The Color of Paradise starts out closely observing a school for the blind in which the blind are played by kids who really are. (Is this “exploitative”? On the contrary, Majidi assumes that you’ll grasp that any discomfort comes from your own sense of privilege.) On the day the term ends, all the other children’s parents come to pick them up, but little Mohammad (Mohsen Ramezani, whose performance is remarkable) is left sitting on an outdoor bench unclaimed. Hearing a baby bird that’s fallen in the grass nearby, he scoops it up and, with considerable difficulty, climbs a tree and delivers it back into the safety of its nest. You can’t imagine an American filmmaker risking so much on a metaphor and the chance of emotional overkill.

Yet this scene clears the way for Majidi’s straight-to-the-heart approach from then on. The film’s dramatic crux is that Mohammad is unwanted by his dour, widowed father Hashem (Hossein Majtub), not, apparently, because he’s an embarrassment or burden but because he’s a constant reminder of his father’s misfortune. Refused by the school when he asks to leave the boy there, Hashem grudgingly takes him back to their rugged home in the mountains, where Mohammad at least has the comforts of nature and the love of his Granny (Salime Feizi) and two sisters. But these don’t assuage the paternal disquiet. When Hashem spies the chance to marry a woman better off than himself, he’s eager to apprentice Mohammad off to a blind woodcarver. This bitter displacement brings the boy to the depths of his misery, but also leads, eventually, to a climactic ordeal that places father and son alike at the mercy of rampaging nature.

Nature, in fact, is such a constant (if highly mercurial) presence in the film that it might almost be considered a separate character. Certainly one of Majidi’s most ingenious and effective devices is the way he uses Mohammad’s blindness to stress the beauty and sensual allure of nature. Most movies that center on blind people treat blindness as a factor that separates/connects the characters. Majidi, instead, uses it to connect the human realm to its natural surroundings. We become Mohammad’s eyes, comprehending the surrounding beauty that he “sees” only through his other senses. (It goes without saying that his father’s blindness to this same beauty is the mark of his moral deficiency.) Yet what comprises this beauty, finally? What makes us see the world as beautiful rather than hideous? It’s surely not just Mohammad Davoodi’s lush cinematography combined with Iran’s landscapes, is it?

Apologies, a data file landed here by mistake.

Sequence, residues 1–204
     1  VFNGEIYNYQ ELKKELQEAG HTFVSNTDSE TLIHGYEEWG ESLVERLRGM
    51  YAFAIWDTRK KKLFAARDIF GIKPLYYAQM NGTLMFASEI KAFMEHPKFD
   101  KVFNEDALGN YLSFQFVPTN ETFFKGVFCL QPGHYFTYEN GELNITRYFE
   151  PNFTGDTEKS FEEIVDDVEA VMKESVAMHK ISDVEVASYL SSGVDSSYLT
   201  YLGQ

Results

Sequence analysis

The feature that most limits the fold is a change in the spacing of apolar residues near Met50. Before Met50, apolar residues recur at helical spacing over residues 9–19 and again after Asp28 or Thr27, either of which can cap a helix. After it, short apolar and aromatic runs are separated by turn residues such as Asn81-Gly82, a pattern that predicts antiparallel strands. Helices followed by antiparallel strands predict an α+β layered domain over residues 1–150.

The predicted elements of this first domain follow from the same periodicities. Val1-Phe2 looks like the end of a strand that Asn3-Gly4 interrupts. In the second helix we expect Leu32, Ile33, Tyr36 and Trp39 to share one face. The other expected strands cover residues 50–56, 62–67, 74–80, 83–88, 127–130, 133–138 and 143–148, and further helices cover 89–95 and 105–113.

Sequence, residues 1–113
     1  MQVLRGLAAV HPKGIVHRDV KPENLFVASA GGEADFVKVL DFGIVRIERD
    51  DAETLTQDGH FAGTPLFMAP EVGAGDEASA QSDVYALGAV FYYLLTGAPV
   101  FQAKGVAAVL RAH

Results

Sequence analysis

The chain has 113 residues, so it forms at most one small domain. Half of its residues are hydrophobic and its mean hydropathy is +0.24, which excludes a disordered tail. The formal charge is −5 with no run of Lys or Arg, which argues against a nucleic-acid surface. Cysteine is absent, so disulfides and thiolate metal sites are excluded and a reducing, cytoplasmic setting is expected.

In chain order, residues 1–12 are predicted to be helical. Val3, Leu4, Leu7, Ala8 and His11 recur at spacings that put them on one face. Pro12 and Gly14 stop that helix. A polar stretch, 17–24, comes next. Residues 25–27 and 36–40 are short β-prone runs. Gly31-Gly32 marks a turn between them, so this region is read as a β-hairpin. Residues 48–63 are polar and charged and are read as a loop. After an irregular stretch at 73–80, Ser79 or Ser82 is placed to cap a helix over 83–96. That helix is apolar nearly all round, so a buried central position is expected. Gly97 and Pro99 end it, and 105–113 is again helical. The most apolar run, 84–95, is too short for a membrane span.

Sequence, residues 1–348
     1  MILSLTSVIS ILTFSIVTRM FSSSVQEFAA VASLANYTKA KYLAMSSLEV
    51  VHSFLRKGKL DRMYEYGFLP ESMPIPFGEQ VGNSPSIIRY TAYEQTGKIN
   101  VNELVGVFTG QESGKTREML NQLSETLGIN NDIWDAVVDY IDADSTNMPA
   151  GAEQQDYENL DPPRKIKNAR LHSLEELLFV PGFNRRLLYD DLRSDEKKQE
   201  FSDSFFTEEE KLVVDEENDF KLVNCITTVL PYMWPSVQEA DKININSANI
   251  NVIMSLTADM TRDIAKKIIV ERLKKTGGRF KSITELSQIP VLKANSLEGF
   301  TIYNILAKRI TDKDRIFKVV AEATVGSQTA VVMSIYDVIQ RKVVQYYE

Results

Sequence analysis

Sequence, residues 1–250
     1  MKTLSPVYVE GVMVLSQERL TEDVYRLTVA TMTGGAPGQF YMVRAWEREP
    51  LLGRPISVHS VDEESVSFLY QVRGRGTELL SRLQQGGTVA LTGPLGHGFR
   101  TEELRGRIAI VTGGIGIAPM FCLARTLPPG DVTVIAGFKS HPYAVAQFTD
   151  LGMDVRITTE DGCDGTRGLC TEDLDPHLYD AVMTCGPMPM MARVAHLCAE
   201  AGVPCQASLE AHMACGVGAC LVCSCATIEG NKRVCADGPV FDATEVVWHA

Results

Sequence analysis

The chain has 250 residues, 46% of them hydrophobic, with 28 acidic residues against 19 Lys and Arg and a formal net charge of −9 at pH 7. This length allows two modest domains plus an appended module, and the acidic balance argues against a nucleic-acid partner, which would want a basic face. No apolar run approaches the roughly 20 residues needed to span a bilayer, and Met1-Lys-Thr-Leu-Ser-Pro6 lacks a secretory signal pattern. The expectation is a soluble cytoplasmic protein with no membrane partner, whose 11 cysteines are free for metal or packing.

The Color of Paradise, which was called The Color of God in Iran, can be seen as Majidi’s first explicitly religious film, a factor which makes it most notable in both his career and the context of recent Iranian cinema. In fact, this element doesn’t become literally explicit until the film’s final shot, but the religious spirit and direction is constant up until then. And it’s in this regard that the film’s view of nature is really crucial. Majidi’s scrupulously phrased drama makes it plain that nature is not God. (Implying otherwise indeed would constitute the preeminent heresy in Islam, pantheism, which Mohsen Makhmalbaf veers perilously close to in his exquisite, provocative Gabbeh.) Rather, nature, like the human heart, functions as a mirror in which the image–the immaterial meaning–comes from God. This sense of the divine behind the visible, the apparent, is really what animates the film. And I think it’s what appeals at the deepest level to many moviegoers who might explain their attraction simply in terms of the film’s surface charms and universal emotions.

Iranians are apt to smile at the term “Judeo-Christian,” which lops the Islamic branch off a tripartite monotheistic tradition that they call “Abrahamian.” As with many other Iranian art works and films, including several of Kiarostami’s, The Color of Paradise implicitly evokes the story of Abraham and Isaac. Like that ancient paradigm, Majidi’s film is about a father who’s willing to sacrifice his son, and a son who survives solely–make no mistake–due to divine intervention. But of course there’s another scenario being played out here as well: one of artistic fathers and sons.

In the genealogy of Iranian cinema, Kiarostami represents the generation of pre-revolutionary, mostly (or nominally) secular directors, while Makhmalbaf, the first major filmmaker to emerge after the revolution, started out as an Islamic fundamentalist ideologue/artist and later converted to freethinking and auteurist art cinema. Majidi is something else again. Though he began working alongside Makhmalbaf-the-fundamentalist, and in fact acted in a couple of his early films, he has repudiated neither cinema “for the masses” nor his Islamic beliefs. Rather, he’s gradually expanded his understanding of both. In effect, his cinema–unlike that of other famous Iranians–aims not at art-house elites and intellectuals, but at moviegoers the world over. And his ultimate message, you might say, is the greatness not of the auteur, but of the Auteur.

His rise to prominence, I have come to think, is a healthy, perhaps necessary thing. The West has misconstrued much about Iranian cinema even as it has embraced it, especially regarding the spiritual/philosophical thinking that undergirds so much of Iranian art. Majidi’s work puts some of that thinking clearly on the table while also keeping Iranian cinema out of the grasp of the pointyheads. The best chance for any “foreign” cinema to survive may well lie in just such a maneuver–or, should I say, miracle? EndBlock